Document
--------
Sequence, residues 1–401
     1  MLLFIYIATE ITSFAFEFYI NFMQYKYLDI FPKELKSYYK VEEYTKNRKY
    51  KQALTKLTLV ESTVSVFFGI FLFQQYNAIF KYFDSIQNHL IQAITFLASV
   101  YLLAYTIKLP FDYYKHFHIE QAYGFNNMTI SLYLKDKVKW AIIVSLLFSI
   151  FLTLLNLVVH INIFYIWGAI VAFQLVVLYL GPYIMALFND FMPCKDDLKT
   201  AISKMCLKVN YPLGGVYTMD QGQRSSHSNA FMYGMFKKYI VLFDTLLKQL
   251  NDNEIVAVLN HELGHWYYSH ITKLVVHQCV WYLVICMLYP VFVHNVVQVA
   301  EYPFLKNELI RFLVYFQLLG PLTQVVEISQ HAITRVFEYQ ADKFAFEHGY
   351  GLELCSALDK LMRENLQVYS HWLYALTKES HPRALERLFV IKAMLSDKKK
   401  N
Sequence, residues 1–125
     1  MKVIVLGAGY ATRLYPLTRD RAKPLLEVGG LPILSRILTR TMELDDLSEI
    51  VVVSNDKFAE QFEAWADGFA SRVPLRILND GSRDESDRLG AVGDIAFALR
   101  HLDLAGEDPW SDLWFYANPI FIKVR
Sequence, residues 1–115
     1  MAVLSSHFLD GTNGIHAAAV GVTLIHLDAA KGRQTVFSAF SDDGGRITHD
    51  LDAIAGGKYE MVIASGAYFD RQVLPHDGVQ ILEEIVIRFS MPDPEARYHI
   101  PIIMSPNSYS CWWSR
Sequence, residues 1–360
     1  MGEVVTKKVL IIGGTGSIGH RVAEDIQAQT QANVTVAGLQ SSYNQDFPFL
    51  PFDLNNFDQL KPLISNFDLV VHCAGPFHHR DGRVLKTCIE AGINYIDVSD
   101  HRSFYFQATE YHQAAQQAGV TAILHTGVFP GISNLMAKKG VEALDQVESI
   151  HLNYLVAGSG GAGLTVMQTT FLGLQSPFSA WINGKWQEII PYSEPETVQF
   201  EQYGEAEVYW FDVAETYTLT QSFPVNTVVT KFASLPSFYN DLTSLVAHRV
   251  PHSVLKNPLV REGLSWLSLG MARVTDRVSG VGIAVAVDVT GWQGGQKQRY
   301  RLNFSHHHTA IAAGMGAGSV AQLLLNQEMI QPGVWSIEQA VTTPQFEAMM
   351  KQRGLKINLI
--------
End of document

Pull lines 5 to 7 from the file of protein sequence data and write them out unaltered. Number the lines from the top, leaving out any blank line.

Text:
   151  FLTLLNLVVH INIFYIWGAI VAFQLVVLYL GPYIMALFND FMPCKDDLKT
   201  AISKMCLKVN YPLGGVYTMD QGQRSSHSNA FMYGMFKKYI VLFDTLLKQL
   251  NDNEIVAVLN HELGHWYYSH ITKLVVHQCV WYLVICMLYP VFVHNVVQVA